AUSTIN -- Little leaguers as well as middle and high school players are gearing up for their baseball seasons, but if your son or daughter is a pitcher there are some alarming new statistics about the increase in overuse injuries.
Parents need to know the answers to questions such as:
- How many pitches does their child thrown in the game?
- How many do they throw warming up?
- How many days rest does their child receive between outings on the mound?
According to the American Academy of Orthopedic Surgeons – those are questions more than half of the parents could not answer and partly to blame for the increase in overuse baseball injuries.
The crack of the bat on the baseball is 13-year-old Luke Banister's second favorite sound. His first favorite is the pop of the catcher's mitt after one of his pitches. Pitching is Luke's first love – but it's something he won't get to do at all this season when his team at Brentwood Christian School takes the field.
"Every time I threw it felt like something was really wrong," Luke said.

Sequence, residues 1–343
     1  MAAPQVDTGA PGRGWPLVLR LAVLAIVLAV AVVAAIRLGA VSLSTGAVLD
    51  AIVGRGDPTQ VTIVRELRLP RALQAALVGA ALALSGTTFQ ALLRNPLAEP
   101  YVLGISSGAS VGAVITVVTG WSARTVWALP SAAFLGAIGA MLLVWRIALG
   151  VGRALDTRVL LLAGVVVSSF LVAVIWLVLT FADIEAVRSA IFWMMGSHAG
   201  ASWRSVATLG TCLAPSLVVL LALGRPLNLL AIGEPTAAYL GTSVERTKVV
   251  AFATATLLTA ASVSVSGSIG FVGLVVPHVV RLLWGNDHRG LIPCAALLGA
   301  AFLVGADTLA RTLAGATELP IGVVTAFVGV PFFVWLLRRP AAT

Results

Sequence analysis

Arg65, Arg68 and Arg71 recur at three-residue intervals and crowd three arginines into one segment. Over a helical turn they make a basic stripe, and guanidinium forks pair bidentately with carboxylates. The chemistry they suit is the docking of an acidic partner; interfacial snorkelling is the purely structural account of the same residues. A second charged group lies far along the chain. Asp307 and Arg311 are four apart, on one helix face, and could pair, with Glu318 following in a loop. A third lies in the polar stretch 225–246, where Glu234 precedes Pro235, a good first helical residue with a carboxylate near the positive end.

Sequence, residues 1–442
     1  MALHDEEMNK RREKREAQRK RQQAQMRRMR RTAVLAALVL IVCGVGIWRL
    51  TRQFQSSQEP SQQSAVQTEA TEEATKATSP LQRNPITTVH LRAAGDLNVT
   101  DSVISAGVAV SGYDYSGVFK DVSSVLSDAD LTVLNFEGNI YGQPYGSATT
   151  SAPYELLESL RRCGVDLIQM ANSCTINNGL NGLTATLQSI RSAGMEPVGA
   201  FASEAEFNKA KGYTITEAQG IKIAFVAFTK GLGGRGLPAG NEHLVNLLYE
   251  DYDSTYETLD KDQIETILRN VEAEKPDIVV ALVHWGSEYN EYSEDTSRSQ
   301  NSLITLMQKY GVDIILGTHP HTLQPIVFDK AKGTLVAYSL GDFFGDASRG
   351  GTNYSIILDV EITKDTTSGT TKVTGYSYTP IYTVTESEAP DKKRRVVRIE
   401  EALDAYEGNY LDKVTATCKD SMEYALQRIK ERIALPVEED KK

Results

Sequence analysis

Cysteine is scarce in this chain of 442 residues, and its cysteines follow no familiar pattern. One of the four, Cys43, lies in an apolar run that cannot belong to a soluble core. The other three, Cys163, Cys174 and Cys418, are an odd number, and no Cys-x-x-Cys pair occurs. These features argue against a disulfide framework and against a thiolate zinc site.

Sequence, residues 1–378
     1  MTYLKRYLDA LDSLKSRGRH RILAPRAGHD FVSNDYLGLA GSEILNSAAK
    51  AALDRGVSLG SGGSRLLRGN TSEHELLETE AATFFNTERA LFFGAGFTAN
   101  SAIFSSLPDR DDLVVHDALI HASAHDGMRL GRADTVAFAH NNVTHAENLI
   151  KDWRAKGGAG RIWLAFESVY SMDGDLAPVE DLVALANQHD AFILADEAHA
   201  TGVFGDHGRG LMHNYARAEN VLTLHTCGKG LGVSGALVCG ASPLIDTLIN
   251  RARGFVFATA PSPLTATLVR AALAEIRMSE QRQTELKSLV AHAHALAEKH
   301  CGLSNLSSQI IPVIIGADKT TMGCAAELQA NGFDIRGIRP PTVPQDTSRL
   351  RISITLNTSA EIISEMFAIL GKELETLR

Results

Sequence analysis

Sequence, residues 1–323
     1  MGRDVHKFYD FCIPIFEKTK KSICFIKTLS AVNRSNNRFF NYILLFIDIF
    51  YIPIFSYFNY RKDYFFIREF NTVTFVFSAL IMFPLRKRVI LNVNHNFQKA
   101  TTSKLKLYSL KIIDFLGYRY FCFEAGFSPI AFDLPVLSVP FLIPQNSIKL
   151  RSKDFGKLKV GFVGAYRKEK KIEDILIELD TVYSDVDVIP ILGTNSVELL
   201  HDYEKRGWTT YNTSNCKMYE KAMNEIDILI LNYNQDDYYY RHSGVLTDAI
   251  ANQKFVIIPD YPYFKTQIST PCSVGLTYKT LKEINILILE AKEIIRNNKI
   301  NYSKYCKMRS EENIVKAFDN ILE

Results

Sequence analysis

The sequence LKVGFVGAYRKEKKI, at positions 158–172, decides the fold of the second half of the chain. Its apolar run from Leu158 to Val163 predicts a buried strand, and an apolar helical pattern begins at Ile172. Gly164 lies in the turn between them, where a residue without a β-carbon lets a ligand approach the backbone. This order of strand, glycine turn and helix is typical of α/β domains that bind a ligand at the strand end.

Luke pushed himself too hard during warm ups at a recent winter camp.
"He noticed a little sensation in his elbow when he would throw hard," said Janet Banister, Luke's mother. "At that point we're like 'uh-oh.'"
X-rays revealed inflammation on the growth plate in his elbow.
"The act of throwing is one of the most violent things you can do in sports," said Scott Smith, an Orthopedic Surgeon with Texas Orthopedics. "Your shoulder movement is essentially through 900 degrees within a second."
Smith says that huge amount of rotation and overload from the number of pitches puts too much stress on the shoulder and elbow.
"So essentially about an 80 mph fastball is approximately the strength of that ligament," said Smith.
Luke's mom, Janet, said she was among the more than 50 percent of parents unaware of safe pitching practices, but that's changed since Luke's injury.
"We're so much more knowledgeable now than we were even a month ago," she said.
Luke is more aware as well. He will no longer push himself on the mound. He's just glad to hear that in a few weeks doctors should allow him to play all other positions on the field.
"Oh I'm really excited to play," said Luke. "Just a few more games that I can't throw, but I'm ready."
Doctor Smith said one of the best ways to cut down baseball overuse injuries is to eliminate year-round participation in the sport. He said that can be accomplished simply by encouraging players to be multi-sport athletes.
Click here to learn more about the findings from the American Academy of Orthopedic Surgeons.